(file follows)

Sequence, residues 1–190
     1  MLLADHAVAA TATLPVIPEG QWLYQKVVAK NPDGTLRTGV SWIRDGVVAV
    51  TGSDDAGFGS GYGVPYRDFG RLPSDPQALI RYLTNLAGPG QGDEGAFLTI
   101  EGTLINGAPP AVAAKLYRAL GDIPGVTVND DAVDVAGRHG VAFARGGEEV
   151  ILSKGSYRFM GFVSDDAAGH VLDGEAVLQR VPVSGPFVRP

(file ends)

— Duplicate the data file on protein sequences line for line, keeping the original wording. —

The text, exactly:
Sequence, residues 1–190
     1  MLLADHAVAA TATLPVIPEG QWLYQKVVAK NPDGTLRTGV SWIRDGVVAV
    51  TGSDDAGFGS GYGVPYRDFG RLPSDPQALI RYLTNLAGPG QGDEGAFLTI
   101  EGTLINGAPP AVAAKLYRAL GDIPGVTVND DAVDVAGRHG VAFARGGEEV
   151  ILSKGSYRFM GFVSDDAAGH VLDGEAVLQR VPVSGPFVRP